1. The Marriage of Vuk, the Fiery Dragon

IN MARKO'S time weddings were always state feasts. Friends and kinsfolk gathered from all over the country to celebrate the occasion. Each bridegroom endeavored to bring his most important friends and most powerful allies. The sight offered by the procession of a bridegroom coming for his bride was a splendid one, an army with banners.

But there was a real reason for all this show of power. There was always the danger that some dispute or quarrel would occur, or that an attack would be made on the party, and then these mighty chieftains would be valuable allies. Marko was much sought after by all his friends, because of his prowess and honesty, and in the performance of these duties at the weddings of his different friends he had many adventures.

It so happened that Vuk, called the Fiery Dragon, ruler of the white city of Srem, sallied forth from his home one day to seek a wife. He rode for a long time along the level fruitful bank of the Danube. He rode through the limestone mountains of the coast. He rode along the beautiful Dalmatian coast. But everywhere he met with disappointment. Where there was an attractive maiden, he found no friends; where he found friends, there was no attractive maiden. So he wandered on and on, although never losing heart, until he came to the city of Venice and to the palace of the Latin Doge.

Here Vuk saw the fair Yevfimiya, the Doge's daughter, and he asked for her hand in marriage. He gave the Doge a ring and an apple, the customary tokens of a proposal of marriage, and promised to return from Srem in fifteen days with all his guests to celebrate the marriage. Vuk received the consent of the Doge, and he distributed a great deal of money and many valuable presents, receiving others in return.

But before he left Venice, the mother of the bride came to him as he made ready to depart.

"O my son, Vuk the Fiery Dragon!" she said. "Gather all your friends and kinsfolk and bring them to the wedding, but do not bring Marko Kralyevich. He drinks and fights a great deal, and he will be sure to disturb the guests."

Vuk did not like this, for Marko was one of his best friends. He was so happy, however, that he did not suspect any treachery, and as he did not know the Latin Doge, he said he would not bring Marko Kralyevich. So he went home happy.

As he rode back to Srem Vuk started thinking.

"If I do not ask Marko Kralyevich," he said to himself, "how can I get anyone to come with me? All the other heroes are like sheep. They follow Marko, and if he does not go then I shall have to Journey to Venice by myself for my bride, and that is unthinkable."

When he reached home Vuk took pen and ink and paper and sat down and wrote a letter to Djuro of Smederovo.

"O my uncle, Djuro of Smederevo," he wrote, "come to level Srem, for I am to marry the daughter of the Latin Doge of Venice, the fair Yevfimiya. Come to me with one hundred guests and you yourself be a chief of the party."

Vuk also wrote a second letter to Bogdan the Terrible, telling him the same thing. He wrote a third letter as well to Relya of Pazar; a fourth to Milan of Toplitsa; and a fifth to Milosh Obilich. The sixth he sent to Marko Kralyevich, adding this postscript:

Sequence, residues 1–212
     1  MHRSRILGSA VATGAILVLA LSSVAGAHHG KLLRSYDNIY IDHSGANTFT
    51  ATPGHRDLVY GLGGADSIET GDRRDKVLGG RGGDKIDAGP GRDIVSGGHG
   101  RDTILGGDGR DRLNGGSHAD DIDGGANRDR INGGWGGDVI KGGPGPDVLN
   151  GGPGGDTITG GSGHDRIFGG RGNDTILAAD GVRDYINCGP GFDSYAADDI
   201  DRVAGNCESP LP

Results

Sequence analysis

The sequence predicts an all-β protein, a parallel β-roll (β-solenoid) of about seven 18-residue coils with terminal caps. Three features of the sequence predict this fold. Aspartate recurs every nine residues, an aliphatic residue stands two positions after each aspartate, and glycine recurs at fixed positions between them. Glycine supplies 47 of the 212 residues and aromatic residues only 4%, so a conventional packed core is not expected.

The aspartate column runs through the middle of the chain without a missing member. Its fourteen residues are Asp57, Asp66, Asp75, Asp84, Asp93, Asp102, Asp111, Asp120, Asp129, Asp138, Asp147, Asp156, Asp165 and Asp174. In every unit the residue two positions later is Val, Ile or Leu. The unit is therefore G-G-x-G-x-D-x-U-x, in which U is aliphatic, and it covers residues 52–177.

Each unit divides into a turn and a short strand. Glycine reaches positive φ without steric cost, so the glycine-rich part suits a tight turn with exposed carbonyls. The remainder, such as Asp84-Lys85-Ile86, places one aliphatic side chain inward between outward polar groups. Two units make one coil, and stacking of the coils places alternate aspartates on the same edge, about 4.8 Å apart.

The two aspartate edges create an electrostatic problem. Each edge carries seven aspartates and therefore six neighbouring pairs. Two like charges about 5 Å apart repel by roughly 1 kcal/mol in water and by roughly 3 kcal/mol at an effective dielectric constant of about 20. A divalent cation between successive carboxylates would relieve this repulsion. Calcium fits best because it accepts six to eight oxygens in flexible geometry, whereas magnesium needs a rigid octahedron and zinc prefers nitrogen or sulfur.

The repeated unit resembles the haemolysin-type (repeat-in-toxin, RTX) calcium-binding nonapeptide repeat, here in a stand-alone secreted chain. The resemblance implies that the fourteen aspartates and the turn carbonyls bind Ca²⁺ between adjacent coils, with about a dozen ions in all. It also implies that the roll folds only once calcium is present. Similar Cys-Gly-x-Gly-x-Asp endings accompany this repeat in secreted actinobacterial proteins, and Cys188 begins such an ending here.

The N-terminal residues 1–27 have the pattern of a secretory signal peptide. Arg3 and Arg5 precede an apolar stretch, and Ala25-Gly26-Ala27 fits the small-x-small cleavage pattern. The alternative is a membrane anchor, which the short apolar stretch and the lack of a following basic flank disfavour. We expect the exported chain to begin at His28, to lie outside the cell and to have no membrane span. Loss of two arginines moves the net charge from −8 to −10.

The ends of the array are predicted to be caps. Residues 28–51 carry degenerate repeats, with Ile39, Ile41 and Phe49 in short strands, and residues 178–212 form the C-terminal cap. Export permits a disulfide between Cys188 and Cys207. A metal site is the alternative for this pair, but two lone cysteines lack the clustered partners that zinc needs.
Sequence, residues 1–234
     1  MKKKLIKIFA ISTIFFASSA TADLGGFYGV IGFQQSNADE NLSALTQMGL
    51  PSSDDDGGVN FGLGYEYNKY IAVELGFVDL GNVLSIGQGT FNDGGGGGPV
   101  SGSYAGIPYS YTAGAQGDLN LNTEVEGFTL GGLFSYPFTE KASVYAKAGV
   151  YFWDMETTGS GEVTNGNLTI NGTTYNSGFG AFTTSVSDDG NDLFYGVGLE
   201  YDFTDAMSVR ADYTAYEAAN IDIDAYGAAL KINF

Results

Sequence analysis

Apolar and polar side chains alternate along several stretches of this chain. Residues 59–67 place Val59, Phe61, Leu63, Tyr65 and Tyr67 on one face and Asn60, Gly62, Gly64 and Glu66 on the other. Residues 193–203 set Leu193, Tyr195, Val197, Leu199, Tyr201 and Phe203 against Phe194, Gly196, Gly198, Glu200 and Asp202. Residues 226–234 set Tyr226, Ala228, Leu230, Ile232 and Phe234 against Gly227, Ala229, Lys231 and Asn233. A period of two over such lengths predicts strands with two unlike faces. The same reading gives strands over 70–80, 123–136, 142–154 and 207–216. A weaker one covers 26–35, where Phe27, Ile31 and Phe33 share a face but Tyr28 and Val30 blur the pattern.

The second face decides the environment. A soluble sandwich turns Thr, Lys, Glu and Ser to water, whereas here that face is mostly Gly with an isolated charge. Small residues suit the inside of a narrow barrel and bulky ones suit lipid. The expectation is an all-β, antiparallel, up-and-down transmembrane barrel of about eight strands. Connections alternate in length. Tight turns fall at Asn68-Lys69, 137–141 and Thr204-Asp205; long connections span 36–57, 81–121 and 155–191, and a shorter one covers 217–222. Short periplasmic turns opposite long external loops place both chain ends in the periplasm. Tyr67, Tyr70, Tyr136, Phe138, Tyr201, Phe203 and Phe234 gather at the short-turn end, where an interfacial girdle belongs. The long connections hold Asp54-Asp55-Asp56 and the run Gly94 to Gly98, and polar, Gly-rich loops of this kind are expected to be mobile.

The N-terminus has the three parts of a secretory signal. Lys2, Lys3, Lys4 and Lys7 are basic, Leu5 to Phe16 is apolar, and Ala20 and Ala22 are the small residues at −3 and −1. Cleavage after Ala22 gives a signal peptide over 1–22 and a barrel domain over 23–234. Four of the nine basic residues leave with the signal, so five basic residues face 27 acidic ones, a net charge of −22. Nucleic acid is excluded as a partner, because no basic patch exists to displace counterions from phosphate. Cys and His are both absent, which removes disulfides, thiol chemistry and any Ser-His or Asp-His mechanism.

"Come, and if there is any trouble, I know that in you I shall have a hero who will defend me from misfortune."

Vuk knew that these words would insure Marko's presence.

Soon the guests began to arrive. Each of them brought with him one hundred followers, all dressed in gorgeous raiment, in scarlet and fine colors, riding their most beautiful and spirited horses. Each retinue of one hundred men pitched its tents on the plain near the white city of Srem and the leader entered the city, into the palace of Vuk, and there sat down to eat and drink until the bridegroom was ready.

Marko Kralyevich arrived alone on Sharats. He was dressed well but plainly, and he had brought with him no wedding guests. He rode up to the palace, leaped off Sharats, and as he strode over the marble pavement to greet Vuk his great sword clanged ominously on the floor at every step. Marko understood well what Vuk had by now for. gotten, that not one of the other heroes would have stirred from the country unless Marko was in the company. Vuk met Marko and embraced and kissed him, inquiring about his heroic health.

The next morning the entire company was stirring early, for they were to start for Venice that day. The heralds came out and blew their trumpets.

"Prepare, ye wedding guests!" they proclaimed.

Those who rode leaped into the saddle; those who walked took their places in line. The standard-bearers unfurled their flags; pennants fluttered in the wind, and the whole procession with Vuk at the head was ready to start, when they saw a courier riding at top speed. His horse was tired and he was weary and covered with dust. He rode up to Vuk and handed him a letter from his future mother-in-law.

"O my son, Vuk the Fiery Dragon," ran the letter. "Do not come to Venice and do not bring guests. Another suitor has asked for my daughter's hand, Goyko the Magyar, and he has given us three loads of money instead of one, and has already come for my daughter. The man who arrives first wins the maiden as his bride, and Goyko is here."